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’30 Rock’ Finale Recap: “What Will Happen to the Gang Next Year?”

I decided to forgo charting and graphing this week because with a finale there should be some big picture discussion, not some big pictures. But I really just want to talk about one very short scene in particular, which I think can be used as a barometer on where you stand on 30 Rock Season 6.

About a third of the way through last night’s episode, Liz walks onto the TGS set, where a crewmember is prepping a bunch of plants, for a sketch about plants, I guess. Said crewmember proceeds to place one of these plants, a baby plant, into a stroller. In of itself the symbolism of that – referencing how Liz and Criss have been calling having a baby, “having a plant” – on any other show would be more than a little on the nose. However, on 30 Rock that symbolism is done ironically and to set-up a classic 30 Rock cutaway.

The scene that follows is a very Pixar-esque montage, in which Liz, scored by a perfectly Randy Newmanian soundtrack, goes through the raising of the plant as if it were a child. The cutaway was very 30 Rock in that it was very quick – made up only of five shots: plant in the stroller, plant learning how to ride a bike, plant’s first day at college, plant coming out of the closet, and full-grown plant with plant baby – and completely weird, while being played entirely straight. The scene, however, unlike basically all of the show’s previous cutaways, was not particular funny. It wasn’t really trying to be. The writers were using the understood vocabulary of the show to make you feel for one its characters, not just evoke laughs.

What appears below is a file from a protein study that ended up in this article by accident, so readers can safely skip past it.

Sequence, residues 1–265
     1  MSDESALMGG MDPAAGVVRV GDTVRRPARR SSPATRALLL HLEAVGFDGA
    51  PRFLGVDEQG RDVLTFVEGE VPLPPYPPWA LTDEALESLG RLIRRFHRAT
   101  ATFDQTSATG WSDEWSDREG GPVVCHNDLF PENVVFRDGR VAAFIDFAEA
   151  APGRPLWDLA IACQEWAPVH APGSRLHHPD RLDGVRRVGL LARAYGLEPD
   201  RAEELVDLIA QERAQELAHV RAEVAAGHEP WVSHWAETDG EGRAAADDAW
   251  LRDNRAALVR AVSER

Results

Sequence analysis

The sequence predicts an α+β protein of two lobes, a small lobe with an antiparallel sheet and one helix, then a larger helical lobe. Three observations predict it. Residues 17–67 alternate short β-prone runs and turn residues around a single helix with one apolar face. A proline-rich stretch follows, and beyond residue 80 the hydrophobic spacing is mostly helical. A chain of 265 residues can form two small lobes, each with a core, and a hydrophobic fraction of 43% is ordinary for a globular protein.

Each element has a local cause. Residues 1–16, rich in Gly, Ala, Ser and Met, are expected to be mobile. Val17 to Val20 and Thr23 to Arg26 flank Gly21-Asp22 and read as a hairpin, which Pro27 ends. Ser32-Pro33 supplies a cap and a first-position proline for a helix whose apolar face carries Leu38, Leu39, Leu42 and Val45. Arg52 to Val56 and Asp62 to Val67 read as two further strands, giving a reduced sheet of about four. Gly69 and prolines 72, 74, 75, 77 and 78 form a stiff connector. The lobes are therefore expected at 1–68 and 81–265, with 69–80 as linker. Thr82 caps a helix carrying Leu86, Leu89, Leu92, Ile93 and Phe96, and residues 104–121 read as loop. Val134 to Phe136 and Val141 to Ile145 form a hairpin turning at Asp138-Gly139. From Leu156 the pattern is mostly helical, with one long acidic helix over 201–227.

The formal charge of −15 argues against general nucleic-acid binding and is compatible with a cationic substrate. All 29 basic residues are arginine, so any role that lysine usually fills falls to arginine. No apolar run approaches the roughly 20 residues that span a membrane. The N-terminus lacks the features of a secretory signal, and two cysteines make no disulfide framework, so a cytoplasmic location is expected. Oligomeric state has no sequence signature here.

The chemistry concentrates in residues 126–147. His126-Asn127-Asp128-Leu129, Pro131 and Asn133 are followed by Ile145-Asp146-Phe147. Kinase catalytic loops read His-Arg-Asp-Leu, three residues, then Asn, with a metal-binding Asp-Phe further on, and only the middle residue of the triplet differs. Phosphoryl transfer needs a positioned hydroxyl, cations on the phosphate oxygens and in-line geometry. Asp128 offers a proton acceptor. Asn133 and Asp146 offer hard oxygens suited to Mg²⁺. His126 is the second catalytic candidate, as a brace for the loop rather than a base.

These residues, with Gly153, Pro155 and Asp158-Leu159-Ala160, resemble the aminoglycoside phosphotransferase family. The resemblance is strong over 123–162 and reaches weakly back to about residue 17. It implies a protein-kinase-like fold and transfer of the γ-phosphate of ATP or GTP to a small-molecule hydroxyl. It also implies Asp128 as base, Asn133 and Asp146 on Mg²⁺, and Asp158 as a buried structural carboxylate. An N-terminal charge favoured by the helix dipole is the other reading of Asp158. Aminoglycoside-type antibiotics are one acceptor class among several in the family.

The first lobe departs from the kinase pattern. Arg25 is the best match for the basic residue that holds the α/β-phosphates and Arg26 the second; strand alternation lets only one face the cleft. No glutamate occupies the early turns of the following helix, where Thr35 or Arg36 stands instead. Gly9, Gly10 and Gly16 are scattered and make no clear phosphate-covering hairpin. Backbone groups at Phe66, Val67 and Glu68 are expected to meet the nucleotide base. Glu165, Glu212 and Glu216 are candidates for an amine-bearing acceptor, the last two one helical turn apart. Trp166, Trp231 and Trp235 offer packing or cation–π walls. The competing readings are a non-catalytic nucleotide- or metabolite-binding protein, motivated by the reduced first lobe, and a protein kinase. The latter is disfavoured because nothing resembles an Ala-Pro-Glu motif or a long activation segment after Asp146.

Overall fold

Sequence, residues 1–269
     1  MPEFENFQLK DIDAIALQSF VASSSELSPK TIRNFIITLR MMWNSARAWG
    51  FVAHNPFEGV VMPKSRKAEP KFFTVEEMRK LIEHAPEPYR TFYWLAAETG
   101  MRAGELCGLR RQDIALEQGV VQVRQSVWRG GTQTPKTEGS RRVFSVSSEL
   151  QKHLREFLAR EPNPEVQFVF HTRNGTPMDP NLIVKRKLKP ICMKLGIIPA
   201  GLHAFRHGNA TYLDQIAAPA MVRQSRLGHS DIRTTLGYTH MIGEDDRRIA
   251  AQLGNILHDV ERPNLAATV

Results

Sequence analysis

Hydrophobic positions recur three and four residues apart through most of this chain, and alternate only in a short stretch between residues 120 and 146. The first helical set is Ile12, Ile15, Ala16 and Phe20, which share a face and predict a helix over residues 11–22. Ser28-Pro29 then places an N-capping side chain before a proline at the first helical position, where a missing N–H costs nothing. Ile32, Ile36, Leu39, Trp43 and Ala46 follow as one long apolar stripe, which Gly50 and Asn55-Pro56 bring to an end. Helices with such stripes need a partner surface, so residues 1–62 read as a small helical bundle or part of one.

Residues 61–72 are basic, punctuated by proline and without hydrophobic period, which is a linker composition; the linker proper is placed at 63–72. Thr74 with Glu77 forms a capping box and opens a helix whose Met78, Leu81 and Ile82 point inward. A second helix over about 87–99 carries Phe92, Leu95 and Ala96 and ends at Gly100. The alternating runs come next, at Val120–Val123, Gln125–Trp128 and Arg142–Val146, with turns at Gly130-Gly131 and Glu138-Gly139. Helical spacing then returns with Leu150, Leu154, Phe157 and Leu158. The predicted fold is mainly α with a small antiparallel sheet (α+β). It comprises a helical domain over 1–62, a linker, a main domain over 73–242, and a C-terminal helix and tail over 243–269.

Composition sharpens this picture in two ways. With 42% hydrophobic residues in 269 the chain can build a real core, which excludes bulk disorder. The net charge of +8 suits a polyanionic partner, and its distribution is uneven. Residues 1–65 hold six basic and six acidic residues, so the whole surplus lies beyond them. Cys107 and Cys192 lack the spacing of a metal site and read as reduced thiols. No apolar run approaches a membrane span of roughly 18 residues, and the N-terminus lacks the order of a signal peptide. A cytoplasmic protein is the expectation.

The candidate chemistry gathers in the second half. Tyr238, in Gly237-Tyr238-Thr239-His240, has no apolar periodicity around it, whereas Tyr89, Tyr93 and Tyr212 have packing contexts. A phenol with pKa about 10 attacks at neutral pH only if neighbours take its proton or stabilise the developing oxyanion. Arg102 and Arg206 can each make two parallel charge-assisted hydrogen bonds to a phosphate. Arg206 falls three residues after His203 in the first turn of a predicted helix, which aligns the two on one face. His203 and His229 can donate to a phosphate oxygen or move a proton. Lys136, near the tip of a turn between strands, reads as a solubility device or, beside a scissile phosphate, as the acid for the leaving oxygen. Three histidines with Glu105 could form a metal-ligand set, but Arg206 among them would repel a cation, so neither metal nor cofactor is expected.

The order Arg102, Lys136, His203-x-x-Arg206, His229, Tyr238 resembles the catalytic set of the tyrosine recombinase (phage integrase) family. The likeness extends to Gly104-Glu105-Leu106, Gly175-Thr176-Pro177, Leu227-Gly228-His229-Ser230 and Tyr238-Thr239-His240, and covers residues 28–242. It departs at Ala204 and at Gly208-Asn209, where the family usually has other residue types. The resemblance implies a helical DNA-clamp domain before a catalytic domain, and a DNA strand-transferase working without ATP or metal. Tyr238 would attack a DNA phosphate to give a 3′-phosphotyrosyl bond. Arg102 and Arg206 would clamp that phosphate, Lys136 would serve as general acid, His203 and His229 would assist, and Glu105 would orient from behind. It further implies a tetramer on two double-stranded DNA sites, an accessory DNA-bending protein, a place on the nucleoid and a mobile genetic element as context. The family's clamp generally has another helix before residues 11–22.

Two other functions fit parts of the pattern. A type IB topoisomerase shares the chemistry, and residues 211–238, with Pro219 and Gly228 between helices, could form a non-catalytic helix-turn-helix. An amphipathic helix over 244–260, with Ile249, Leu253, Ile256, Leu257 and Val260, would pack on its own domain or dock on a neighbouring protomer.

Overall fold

This is 30 Rock Season 6. It’s still the same show, with the same tricks and techniques; however, they’re used, sometimes, in a different way, in a way that is more sentimental than hilarious. It’s been a season of minor touching diversions that when added up have significantly changed the tone of the show. Just look at the four last episodes; in each, one of the leads had a major romantic development. On the live show, Jenna got engaged. On the “Queen of Jordan” episode, Tracy purposefully sets up a big fight, as to best create drama for his wife’s show. Last episode marked the return of Avery and was a testament to that couple’s ability to never quit (more on this later). And last night was about the complete legitimacy of Liz and Criss’s relationship. Six seasons is a lot of episodes so if a show doesn’t progress, it will grow insufferable, and the easiest, most common, and if you’re a sap, like me, the best way for it to do so is romantically.

As we saw last night, in a 30 Rock like this, Jack and Avery’s relationship doesn’t work anymore. So they’re decision to renew their vows was just the catalyst they needed to get divorced, which was sad. But a sitcom is allowed to be sad, if not needs to be sad. In this episode the sadness and emptiness of Jack and Avery’s marriage, contrasted Liz and Criss’s emerging relationship. There have been few moments in the series sweeter than when Liz, while officiating the vows renewal, makes the joke, “Also, I heard Pippa Middleton couldn’t come today because Avery was borrowing her ass,” and Criss cracks up. It was small gesture but perfect and necessary to exhibit what they see in each other. The show has always been specific and what has made this season work is how they brought the same attention to detail to its emotional moments.

The season ends with Jack visiting Liz at home, in a scene that almost felt like an intentional “fuck you” to the criticism that ” Jack has been fully transformed into a condescending, all-knowing daddy, and Liz has been fully transformed into a needy little girl.” Sure Liz asks for advice but it’s not from an infallible father but an insecure friend. So Jack tells her confidently, in his best Jack purr, “If you decide to have a child, you will make an excellent mother,” and Liz just smiles (and at home, I just cry). The shots sit there for longer than is normal for 30 Rock because sometimes, after six seasons, it’s ok to let moments, however brief, be what they are.



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